Black Lives Matter–Los Angeles Excluded from Women’s March Los Angeles   

Black Lives Matter-Los Angeles was excluded from the 4th Annual Women’s March in Los Angeles. WMLA did not invite Black Lives Matter to participate, failed to respond to an email request for inclusion, and further refused speaking time during a subsequent telephone conversation. This marks the first time that BLMLA will not participate and is the culmination of ongoing disagreement and tension where Black Lives Matter and some of our members, including children, have experienced significant harm at the hands of WMLA. Beyond the specific harms, BLMLA has been compelled to challenge the liberal White-supremacy practiced by WMLA: the same kind of anti-Black feminism employed by White and privileged women during the suffrage and liberal feminist eras.

While some powerful Black women political leaders have been invited and their voices are important, as currently scheduled, the stage will be devoid of any Black women grassroots leaders. This reflects a fundamental difference in approach. In past years, BLMLA has utilized the WMLA space to inspire on-the-ground action. It has always been our desire for the masses of women, girls, femmes, and allies assembled under the banner of the Women’s March to engage in actual work that transforms the world, rather than gather for a feel-good parade.

At a time when Los Angeles police continue to target Black people at five times our population share, when officers are falsifying evidence to place us in gang databases, when the County serves as the largest jailer in the nation, and is in the midst of an all-out homeless crisis where the vast majority are Black, WMLA’s exclusion of Black Lives Matter means that they are blatantly engaging in anti-Blackness. A claim made in conversations with Women’s March representatives is that because their leadership is Brown claims of anti-Blackness are unfounded. However, there are countless examples of aspirational Whiteness and anti-Blackness among women of color. One need not be White to advance White-supremacy.

What BLMLA is experiencing does not stand in isolation. Black Lives Matter DC is also experiencing similar challenges with the march in Washington, and recently released a statement. Ally groups, including Af3irm, have experienced harm by WMLA in the past. There is also the backdrop of Islamophobia and anti-Blackness which targeted Linda Sarsour, Zahra Billoo, and Tamika Mallory. While Black Lives Matter is not calling for an all-out boycott of the Women’s March, it is imperative that we share this experience in hopes of inspiring those who claim to believe in freedom and justice to actually work towards it, beginning with the dismantling of their own anti-Blackness. We invite Women’s March Los Angeles to follow through on their previous commitments, engage in intersectional feminist work throughout the year, and employ practices that lift up Black women, who stand at the bottom of virtually every social, political, and economic measure.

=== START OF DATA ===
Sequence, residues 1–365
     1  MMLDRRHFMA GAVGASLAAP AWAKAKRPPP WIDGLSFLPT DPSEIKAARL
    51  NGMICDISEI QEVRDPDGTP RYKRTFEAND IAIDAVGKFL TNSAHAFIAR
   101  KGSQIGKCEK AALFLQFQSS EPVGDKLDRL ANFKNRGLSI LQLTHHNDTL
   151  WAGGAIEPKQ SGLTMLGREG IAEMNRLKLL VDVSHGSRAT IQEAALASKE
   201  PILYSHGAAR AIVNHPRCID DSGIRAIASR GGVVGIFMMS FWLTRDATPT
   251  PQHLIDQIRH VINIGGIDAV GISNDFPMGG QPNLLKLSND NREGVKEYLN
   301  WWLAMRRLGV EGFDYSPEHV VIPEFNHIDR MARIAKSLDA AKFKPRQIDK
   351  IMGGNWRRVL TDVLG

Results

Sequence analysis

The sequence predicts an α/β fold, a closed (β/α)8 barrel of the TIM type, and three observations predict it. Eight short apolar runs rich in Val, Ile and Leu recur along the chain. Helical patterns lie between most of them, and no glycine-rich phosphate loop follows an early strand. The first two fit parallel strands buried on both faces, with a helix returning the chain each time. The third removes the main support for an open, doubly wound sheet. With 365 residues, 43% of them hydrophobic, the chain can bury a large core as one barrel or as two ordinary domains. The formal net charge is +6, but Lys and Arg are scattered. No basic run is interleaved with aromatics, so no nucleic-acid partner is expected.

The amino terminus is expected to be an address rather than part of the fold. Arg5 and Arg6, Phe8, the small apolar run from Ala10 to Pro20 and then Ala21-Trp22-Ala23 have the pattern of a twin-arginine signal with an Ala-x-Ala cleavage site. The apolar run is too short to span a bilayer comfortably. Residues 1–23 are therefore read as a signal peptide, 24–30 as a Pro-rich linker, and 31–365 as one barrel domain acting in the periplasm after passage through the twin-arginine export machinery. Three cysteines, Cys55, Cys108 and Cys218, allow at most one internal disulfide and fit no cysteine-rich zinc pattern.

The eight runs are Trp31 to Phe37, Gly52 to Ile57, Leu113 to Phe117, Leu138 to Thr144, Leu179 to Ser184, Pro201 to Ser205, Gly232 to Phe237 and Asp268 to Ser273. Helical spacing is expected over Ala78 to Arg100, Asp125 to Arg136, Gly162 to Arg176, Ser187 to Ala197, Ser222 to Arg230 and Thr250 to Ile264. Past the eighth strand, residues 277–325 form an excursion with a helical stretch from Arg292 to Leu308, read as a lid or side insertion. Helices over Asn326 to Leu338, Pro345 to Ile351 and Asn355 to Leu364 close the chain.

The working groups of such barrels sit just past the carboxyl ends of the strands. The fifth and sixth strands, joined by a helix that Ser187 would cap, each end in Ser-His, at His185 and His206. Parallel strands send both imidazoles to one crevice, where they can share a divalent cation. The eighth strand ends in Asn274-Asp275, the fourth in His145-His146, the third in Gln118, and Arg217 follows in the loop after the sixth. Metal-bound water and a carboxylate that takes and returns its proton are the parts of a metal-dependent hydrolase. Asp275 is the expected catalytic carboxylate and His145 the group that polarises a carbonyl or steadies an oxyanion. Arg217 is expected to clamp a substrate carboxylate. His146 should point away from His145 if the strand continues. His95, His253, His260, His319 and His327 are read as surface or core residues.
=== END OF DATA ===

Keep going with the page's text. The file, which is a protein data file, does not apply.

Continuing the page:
Not the first time

This is not the first disagreement between Black Lives Matter and WMLA. In 2017, the first year of the march, Black Lives Matter-Los Angeles was invited to participate, but told that only one speaker could appear on stage. We refused this restriction because we practice group-centered, rather than celebrity-style, leadership. The BLMLA team, which included a spokesperson, youth, and the families of those who were killed by police took the stage to invite attendees to move beyond an anti-Trump moment and to vision and build a truly free and just world.

In 2018, BLMLA was, again, invited, but also learned that the WMLA included Zionists and individuals who supported the state of Israel at a time when Palestinian women and girls were being killed. Many of our allies boycotted the March. Rather than cancelling, BLMLA decided to use the space to bring awareness by having Black Lives Matter-Youth Vanguard co-founder and Black Muslim 14-year-old organizer, Thandiwe Abdullah, read the Movement 4 Black Lives plank on Palestine.

     Following the march Thandiwe was falsely accused by WMLA leadership of making specific, violent, anti-Semitic threats during her speech. Such allegations are not only traumatic, especially for a child, but dangerous given the current regime’s “Black identity extremist” designation and its targeting of Muslims. WMLA’s claim was proven false and their leadership agreed to write a letter of apology. Two years later, no letter was ever provided.  For the 2019 March, a well-known BLMLA member was invited to speak, but was unavailable and suggested other BLMLA members. We had to negotiate and advocate for BLMLA to be represented.

This year, when asked why BLMLA was being excluded, Women’s March leadership claimed that they were attempting to make space for new voices. However, when asked what Black women organizers were invited to speak, the only names that were offered were those who had spoken in previous years, including one of their paid consultants.

A second claim was made that they were focusing on electoral politics. However, Black Lives Matter is part of a coalition of organizations supporting Measure R, one of the most important ballot initiatives in Los Angeles history, with far-reaching national implications, directly addressing the system of mass incarceration.

BLMLA has been encouraging Angelenos to remove District Attorney Jackie Lacey for her refusal to prosecute murderous and corrupt police officers for more than two years. The all-volunteer network is also entrenched in other important electoral justice efforts around voting, voter registration, and elevating Black issues in the 2020 Presidential race through #WhatMatters2020.

Melina Abdullah, Black Lives Matter-LA

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